The people are still deciding when the jury comes back with its verdict.
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Comments
From: (Anonymous) Date: February 3rd, 2016 05:06 am (UTC) (Link)

A few typos/unclear bits

the politics are poisonous, and, not remind everyone of an inconvenient fact, but she did murder the woman.
-should this be not to remind?

In fact, I think Katniss sacrificed her good name and her quite possibly her sanity to save all of us."
-double-up on hers here

But the point is, you will be hearing very bad things sad about her.
-said not sad

and a young woman is interviewed the night before she starts work in District Seven.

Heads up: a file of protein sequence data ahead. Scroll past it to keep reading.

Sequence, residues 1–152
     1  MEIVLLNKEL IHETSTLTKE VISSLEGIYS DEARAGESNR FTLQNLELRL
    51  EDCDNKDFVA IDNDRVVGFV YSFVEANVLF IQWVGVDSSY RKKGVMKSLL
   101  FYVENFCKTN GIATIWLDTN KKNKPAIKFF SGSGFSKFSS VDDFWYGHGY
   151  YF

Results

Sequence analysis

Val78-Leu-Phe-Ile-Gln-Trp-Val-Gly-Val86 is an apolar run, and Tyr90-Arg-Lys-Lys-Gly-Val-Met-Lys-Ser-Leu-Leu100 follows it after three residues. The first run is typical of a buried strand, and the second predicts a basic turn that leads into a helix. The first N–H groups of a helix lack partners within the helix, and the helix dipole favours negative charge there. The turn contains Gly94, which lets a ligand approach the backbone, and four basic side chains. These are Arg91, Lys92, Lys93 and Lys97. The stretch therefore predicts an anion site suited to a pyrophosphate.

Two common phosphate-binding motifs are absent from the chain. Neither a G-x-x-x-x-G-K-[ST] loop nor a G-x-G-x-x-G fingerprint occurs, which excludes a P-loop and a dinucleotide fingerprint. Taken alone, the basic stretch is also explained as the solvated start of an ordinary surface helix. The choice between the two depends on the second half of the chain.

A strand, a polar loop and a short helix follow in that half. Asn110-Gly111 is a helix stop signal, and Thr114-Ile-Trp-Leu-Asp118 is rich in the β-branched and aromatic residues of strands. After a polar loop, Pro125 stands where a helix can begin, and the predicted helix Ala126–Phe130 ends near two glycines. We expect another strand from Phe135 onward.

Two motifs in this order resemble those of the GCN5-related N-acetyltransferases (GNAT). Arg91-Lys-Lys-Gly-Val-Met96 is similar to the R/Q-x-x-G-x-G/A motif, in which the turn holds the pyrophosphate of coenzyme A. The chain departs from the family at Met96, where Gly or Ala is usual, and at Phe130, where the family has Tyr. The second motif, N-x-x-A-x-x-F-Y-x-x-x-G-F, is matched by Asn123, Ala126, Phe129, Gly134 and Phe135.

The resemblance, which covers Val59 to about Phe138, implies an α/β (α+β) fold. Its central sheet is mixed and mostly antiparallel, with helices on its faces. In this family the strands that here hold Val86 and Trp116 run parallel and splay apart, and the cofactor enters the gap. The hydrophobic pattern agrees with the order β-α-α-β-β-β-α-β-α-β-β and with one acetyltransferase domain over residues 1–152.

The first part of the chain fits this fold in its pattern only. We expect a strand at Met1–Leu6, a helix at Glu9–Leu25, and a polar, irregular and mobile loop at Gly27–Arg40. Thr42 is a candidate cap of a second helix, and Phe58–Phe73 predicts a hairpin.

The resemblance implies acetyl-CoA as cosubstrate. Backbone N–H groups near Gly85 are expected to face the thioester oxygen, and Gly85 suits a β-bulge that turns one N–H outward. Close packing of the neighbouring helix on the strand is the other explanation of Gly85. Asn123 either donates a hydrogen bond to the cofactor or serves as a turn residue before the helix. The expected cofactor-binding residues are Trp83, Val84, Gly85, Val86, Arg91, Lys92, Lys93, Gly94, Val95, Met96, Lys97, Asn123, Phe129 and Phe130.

-Didn't you say in the previous sentence that schools were still out in 7?

He maneuvered her into ridiculous façade with Peeta Mellark
-into that ridiculous facade? Missing some word there

"I already have immunity as a Gamemaker
-why would being a gamemaker grant him immunity? Does he mean a rebel leader?


Nice to see Plutarch using all the tricks he's learned to manipulate the public sympathy of Katniss, though I have a mental image of Mr McKissack finding him, punching him in the face and breaking his nose, then walking away feeling (marginally) better. Also a nice glimpse of Delly's future husband :D

-Maraudercat
fernwithy From: fernwithy Date: February 3rd, 2016 06:48 am (UTC) (Link)

Re: A few typos/unclear bits

Hmm, on Plutarch, the meaning was that he was granted immunity for having been a Gamemaker, because of his rebel cred. I'll see if I can smooth that out a bit.

I'll get those missing words. Someday, missing articles will be listed as my cause of death. :D